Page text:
You’ll Never Guess What Blake Lively’s Next Career Move Is…
We learned two juicy bits of information from Blake Lively and Martha Stewart when the two lifestyle experts sat down to chat at Martha’s American Made Summit in New York City this past Saturday. First, that Martha (like everyone else in the world) has been crushing on Blake’s husband Ryan Reynolds since she first laid eyes on him. “When we met Martha, Martha goes, ‘I know how to ride motorcycles. I will ride with you Ryan!,'” Blake revealed. “Martha is the only woman that can creep up on my man!” After the crowd LOL-ed and the Q+As got underway, we learned our second piece of too-good-to-not-share gossip: that Blake’s next DIY conquest (after decorating cupcakes) might be fashion design. “I would love to when I find 28 hours in my day,” Blake joked about launching her own line of clothes, “But I’m hoping to do some exclusive things in the future.” We’re hoping that talks are already underway about adding a Blake-made category in the Preserve shop. But until then, join *us* in designing our five dream pieces we want to see in Blake Lively’s future (+ bump-friendly!) clothing line.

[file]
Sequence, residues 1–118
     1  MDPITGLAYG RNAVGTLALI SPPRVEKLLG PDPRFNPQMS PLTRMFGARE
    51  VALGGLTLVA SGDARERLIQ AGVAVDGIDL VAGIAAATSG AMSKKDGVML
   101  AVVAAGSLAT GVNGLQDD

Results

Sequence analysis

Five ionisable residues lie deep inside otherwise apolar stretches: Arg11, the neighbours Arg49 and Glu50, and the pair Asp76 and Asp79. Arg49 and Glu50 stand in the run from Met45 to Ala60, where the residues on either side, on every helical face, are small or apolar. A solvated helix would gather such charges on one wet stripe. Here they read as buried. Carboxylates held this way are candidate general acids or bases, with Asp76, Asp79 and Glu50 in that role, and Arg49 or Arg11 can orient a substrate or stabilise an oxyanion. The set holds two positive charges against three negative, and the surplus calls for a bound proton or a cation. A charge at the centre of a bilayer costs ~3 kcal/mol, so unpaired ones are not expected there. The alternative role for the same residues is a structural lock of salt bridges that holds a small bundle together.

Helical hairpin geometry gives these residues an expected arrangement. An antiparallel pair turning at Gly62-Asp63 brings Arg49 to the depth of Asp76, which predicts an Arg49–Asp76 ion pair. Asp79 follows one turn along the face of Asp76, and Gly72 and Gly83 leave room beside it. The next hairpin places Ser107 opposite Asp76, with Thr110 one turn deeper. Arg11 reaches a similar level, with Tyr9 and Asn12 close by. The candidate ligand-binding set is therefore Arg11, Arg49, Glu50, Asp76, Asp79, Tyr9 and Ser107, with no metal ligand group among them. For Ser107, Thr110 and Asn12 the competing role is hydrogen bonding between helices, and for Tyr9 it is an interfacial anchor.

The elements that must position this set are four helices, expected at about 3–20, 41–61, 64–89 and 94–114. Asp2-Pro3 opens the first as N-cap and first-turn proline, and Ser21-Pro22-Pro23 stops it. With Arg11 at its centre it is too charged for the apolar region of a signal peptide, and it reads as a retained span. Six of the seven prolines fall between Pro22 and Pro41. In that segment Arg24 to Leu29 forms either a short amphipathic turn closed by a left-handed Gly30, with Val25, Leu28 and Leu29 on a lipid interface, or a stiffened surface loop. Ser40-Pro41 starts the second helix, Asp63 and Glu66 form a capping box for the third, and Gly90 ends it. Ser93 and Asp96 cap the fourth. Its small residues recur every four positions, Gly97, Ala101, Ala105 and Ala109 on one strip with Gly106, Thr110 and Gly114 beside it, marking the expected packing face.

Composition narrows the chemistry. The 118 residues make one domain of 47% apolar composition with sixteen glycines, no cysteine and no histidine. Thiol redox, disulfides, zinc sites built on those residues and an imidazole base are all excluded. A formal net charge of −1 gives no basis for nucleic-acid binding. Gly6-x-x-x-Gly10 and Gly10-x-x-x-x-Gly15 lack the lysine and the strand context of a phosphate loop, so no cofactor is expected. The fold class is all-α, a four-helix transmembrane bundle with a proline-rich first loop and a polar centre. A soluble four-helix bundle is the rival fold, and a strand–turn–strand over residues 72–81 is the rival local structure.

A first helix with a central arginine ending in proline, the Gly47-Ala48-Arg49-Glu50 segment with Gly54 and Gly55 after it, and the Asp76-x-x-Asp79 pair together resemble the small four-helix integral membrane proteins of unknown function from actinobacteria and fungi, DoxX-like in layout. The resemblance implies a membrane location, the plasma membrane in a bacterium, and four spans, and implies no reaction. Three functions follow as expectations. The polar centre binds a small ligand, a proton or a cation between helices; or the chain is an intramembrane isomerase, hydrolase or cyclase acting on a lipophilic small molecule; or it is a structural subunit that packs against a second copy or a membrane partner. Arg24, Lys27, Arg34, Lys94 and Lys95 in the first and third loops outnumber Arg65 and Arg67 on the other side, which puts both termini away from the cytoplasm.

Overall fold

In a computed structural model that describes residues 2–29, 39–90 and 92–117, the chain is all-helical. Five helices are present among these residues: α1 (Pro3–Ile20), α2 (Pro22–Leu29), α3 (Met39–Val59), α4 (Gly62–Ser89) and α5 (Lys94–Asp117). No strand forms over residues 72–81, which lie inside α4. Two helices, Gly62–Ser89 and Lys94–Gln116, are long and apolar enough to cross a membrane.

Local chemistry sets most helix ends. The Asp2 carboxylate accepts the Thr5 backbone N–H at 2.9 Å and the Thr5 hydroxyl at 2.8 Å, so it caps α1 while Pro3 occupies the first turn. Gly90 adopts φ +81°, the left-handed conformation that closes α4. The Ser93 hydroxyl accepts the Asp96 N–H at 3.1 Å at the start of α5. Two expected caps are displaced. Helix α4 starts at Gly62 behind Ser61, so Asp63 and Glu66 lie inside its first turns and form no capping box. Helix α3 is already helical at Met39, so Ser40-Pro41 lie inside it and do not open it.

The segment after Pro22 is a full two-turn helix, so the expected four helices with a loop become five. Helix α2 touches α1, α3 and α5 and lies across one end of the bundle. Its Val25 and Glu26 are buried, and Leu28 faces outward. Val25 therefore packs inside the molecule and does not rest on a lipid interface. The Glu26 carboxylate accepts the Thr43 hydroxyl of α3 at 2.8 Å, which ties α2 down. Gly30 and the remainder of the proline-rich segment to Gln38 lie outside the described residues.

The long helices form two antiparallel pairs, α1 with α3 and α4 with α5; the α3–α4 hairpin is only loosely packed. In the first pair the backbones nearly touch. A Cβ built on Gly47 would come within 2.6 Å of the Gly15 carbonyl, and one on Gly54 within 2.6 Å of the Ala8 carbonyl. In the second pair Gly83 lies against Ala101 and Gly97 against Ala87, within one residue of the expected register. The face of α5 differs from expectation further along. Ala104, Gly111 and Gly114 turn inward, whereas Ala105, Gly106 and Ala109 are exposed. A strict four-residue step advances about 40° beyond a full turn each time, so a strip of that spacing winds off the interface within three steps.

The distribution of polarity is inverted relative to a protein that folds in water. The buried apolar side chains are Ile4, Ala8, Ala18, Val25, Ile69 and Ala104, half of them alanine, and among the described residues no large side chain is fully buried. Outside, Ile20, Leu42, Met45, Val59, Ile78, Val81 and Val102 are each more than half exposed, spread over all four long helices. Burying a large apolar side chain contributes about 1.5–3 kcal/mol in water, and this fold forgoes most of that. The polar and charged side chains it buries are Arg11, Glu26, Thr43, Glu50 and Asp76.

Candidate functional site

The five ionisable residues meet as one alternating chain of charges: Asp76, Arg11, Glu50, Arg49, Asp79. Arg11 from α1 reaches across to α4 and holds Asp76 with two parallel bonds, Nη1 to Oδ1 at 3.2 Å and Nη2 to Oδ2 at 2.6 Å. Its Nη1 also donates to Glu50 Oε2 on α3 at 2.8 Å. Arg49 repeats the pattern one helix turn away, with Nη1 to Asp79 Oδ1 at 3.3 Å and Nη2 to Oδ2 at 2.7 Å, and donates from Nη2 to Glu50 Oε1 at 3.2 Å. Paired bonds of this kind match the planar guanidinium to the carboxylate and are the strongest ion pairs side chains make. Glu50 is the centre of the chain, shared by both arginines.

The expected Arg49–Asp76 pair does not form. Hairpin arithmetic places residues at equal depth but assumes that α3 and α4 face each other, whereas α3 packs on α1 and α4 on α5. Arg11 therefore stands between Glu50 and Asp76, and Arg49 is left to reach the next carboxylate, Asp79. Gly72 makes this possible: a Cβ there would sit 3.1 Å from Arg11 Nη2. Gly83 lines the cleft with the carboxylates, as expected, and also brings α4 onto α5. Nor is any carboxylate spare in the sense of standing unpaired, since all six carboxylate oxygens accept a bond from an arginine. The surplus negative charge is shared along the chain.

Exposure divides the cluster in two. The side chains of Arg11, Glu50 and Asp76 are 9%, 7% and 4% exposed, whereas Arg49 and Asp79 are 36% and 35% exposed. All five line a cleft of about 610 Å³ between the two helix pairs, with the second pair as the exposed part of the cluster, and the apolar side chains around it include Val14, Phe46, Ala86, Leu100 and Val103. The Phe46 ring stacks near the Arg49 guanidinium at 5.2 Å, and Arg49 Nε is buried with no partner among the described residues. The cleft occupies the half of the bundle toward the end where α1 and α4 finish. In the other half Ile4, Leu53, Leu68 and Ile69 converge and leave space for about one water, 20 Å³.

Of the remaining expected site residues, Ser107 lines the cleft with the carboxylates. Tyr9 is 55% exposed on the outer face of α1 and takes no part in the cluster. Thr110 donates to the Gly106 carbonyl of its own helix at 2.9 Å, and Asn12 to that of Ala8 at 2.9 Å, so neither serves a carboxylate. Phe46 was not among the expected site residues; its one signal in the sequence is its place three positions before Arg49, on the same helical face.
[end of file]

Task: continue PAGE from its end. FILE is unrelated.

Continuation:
1. Mis-Matched Sets: The one thing that had everyone talking in Blake’s pregnancy announcement photo (besides her bump) was the way the new mom-to-be can mix prints with the best of them (watch out, Olivia). It’s not easy to do *right*, but we’re hoping that Blake would make it easy for us by including a handful of printed separates in her line that allll could look as effortlessly elegant when tossed together as this. (Image via Vogue + Eric Lively)